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Singapore shares gain 1% on Tuesday ahead of key Fed meeting
INVESTORS in the local equities market took to picking up stocks in the lead-up to the two-day US Federal Reserve June meeting, which starts later in the day. Expectations of a dovish Fed are high, with the question of rate cuts not a case of whether they will be done but when.
Singapore's Straits Times Index (STI) closed at 3,238.73, rising 30.74 points or 1 per cent.
"The local market fared relatively well, trailing after Wall Street in a positive manner. Every bit of data was expected to feed into the expectations with regard to the Fed's stance this week and Monday's data releases out of the US had certainly joined the camp of supporters for dovishness," IG market strategist Pan Jingyi said.
The scene was similar elsewhere in Asia-Pacific, with Australia, China, Hong Kong, Malaysia and South Korea all posting gains. Bucking the trend, however, was Japan, with the Nikkei 225 dropping 151.29 points or 0.7 per cent to 20,972.71.
In Singapore, trading volume clocked in at 1.47 billion securities, 23 per cent over the daily average in the first five months of 2019. Total turnover came to S$1.19 billion, 14 per cent of the January-to-May daily average. A dealer commented that he was surprised by the good volume and turnover in the market.
Across the market, advancers trumped decliners 228 to 148. Just four of the STI's 30 components closed in the red.
Real estate investment trusts (Reits) and property developers, which are among the main beneficiaries of lower borrowing costs, continue to be in favour. CapitaLand Commercial Trust units added four Singapore cents or 1.9 per cent to S$2.11 while UOL was S$0.13 or 1.8 per cent up at S$7.28.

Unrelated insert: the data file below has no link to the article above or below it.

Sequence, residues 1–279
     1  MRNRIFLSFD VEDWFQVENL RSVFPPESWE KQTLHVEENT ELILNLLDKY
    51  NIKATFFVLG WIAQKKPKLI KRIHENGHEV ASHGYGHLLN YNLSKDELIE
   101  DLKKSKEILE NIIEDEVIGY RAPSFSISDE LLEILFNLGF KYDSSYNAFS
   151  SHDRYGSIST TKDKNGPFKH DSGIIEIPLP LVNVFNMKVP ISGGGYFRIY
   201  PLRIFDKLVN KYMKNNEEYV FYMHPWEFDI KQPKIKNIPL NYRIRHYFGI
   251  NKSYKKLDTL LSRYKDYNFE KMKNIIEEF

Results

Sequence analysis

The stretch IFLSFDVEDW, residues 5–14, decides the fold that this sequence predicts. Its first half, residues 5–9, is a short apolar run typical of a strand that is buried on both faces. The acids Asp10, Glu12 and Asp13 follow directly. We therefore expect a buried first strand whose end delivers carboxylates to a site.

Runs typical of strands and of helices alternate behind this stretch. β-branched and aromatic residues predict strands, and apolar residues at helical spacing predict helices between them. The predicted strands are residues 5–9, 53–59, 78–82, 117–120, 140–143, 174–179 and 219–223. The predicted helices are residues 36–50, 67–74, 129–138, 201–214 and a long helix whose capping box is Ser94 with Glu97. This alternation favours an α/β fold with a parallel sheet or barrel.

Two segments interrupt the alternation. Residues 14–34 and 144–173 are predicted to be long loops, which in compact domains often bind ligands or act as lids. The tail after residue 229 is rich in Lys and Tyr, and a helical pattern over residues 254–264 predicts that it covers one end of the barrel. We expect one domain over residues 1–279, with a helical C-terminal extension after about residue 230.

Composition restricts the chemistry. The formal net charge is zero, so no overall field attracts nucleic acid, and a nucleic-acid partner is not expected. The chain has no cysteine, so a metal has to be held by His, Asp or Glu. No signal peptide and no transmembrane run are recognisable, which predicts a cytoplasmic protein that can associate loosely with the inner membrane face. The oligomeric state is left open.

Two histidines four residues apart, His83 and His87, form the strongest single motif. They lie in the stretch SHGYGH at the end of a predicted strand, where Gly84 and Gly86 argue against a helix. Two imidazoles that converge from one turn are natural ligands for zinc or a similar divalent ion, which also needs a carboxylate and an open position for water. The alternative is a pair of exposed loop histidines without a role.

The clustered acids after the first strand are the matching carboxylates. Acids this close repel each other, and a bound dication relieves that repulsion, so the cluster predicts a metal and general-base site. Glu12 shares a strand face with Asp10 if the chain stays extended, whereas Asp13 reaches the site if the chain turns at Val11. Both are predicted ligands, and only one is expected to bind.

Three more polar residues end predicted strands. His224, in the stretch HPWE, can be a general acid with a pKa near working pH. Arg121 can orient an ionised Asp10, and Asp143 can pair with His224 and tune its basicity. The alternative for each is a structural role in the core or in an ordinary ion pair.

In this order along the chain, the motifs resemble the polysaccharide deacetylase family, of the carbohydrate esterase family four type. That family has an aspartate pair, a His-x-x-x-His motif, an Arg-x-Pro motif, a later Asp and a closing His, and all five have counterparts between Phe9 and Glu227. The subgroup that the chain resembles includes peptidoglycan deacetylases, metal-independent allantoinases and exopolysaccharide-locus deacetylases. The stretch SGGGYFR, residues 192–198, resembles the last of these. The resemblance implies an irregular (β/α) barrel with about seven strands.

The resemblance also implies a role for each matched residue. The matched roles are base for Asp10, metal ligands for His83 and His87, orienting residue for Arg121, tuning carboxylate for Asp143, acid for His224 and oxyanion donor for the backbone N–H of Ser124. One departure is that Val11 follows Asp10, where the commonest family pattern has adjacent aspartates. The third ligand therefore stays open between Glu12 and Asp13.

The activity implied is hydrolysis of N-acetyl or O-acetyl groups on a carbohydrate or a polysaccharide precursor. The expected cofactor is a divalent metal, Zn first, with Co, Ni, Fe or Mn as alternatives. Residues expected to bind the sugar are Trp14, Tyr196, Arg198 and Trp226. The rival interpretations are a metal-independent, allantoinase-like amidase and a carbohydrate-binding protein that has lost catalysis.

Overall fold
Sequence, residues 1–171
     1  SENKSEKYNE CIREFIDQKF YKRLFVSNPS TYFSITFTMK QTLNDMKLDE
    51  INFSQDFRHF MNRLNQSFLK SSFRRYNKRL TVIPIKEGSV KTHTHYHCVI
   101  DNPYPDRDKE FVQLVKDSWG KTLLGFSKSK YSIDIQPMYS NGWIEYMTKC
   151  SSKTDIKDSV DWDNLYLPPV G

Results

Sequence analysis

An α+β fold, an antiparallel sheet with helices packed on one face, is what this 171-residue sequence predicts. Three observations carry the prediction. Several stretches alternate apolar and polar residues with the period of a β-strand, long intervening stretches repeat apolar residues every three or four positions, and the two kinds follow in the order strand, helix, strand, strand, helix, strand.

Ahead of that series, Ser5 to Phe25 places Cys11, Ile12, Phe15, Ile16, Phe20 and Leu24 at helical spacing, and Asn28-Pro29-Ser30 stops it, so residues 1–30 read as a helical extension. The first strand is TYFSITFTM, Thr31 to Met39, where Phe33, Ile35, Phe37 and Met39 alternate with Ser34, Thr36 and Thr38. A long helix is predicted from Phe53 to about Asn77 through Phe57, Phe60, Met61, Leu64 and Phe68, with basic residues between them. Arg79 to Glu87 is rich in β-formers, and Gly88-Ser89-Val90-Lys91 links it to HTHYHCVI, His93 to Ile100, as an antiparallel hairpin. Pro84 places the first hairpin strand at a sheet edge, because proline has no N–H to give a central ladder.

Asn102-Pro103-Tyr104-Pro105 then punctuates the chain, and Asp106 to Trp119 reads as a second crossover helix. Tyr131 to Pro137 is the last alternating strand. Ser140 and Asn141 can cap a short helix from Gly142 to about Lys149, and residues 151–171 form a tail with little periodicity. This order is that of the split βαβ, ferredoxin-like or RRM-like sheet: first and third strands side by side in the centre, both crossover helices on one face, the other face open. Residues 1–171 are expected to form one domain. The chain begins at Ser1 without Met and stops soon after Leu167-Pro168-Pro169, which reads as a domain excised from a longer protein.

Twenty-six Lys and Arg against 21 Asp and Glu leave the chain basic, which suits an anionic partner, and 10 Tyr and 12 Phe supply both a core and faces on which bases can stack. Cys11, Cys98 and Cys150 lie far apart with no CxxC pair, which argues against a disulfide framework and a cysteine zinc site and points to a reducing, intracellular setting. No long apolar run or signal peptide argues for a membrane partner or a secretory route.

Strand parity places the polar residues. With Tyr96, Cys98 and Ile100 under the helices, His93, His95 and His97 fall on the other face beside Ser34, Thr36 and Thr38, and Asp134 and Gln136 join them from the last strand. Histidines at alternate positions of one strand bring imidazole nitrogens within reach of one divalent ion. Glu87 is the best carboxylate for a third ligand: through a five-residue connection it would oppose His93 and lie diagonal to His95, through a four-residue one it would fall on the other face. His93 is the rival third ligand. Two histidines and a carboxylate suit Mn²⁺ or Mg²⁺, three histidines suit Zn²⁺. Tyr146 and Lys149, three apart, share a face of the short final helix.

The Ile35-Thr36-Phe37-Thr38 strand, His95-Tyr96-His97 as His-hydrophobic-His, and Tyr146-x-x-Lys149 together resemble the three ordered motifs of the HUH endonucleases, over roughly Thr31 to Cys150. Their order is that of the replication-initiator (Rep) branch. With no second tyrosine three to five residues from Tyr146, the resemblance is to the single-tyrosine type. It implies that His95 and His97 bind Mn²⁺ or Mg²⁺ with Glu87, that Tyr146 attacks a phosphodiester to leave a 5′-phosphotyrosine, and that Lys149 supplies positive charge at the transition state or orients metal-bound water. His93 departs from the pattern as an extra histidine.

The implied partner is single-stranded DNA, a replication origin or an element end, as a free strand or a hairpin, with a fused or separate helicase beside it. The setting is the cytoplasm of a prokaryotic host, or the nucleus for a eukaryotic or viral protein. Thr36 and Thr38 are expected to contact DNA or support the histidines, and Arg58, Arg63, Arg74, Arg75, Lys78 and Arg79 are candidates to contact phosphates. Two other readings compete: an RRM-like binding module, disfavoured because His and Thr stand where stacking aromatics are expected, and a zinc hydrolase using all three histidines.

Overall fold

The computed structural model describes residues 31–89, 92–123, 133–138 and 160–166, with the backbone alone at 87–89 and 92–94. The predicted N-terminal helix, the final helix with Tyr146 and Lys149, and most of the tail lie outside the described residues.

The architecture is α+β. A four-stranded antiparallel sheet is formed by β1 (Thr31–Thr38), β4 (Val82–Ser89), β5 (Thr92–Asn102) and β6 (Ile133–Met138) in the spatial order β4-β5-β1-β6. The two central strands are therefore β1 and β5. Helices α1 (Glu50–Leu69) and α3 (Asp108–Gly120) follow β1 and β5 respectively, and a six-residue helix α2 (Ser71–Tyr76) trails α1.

Financials raced away. DBS Group Holdings closed S$0.13 or 0.5 per cent up at S$24.80. OCBC Bank gained S$0.15 or 1.4 per cent at S$10.95 while United Overseas Bank finished at S$25.60, advancing S$0.49 or 2 per cent.
Telecom stocks continued their upward trend, led by NetLink NBN Trust. The business trust, which has a significant domestic market share in fibre network infrastructure, saw its units add one Singapore cent or 1.1 per cent to S$0.88 on 31. 6 million shares.
NetLink's recent rally also presented an opportunity for investors to take profit. In a note to clients, remisier Ernest Lim said that those who wished to could consider taking profit on NetLink in tranches. Analysts also told The Business Times that NetLink has hit overbought territory.
Among pennies, shares in e-commerce and data analytics firm Y Ventures closed up 3.5 Singapore cents or 34.3 per cent at 13.7 cents.
The Catalist-listed firm was queried by the Singapore Exchange for "unusual price movements" in its shares after the counter surged in morning trade. The company has since told the bourse operator that it was unaware of any reasons or information that could explain the increase in share price or trading volume. Y Ventures also confirmed that it is in compliance with listing rules.
Tuesday also saw the listing of Malaysia-headquartered producer of energy-saving products TrickleStar on the Catalist board. It opened at 26.5 Singapore cents, up 1.9 per cent from its initial public offering (IPO) price of 26 cents. The counter eventually closed at 34 cents. With a market capitalisation of about S$21.3 million, TrickleStar's listing brings the total number of companies listed on the Catalist board to 218.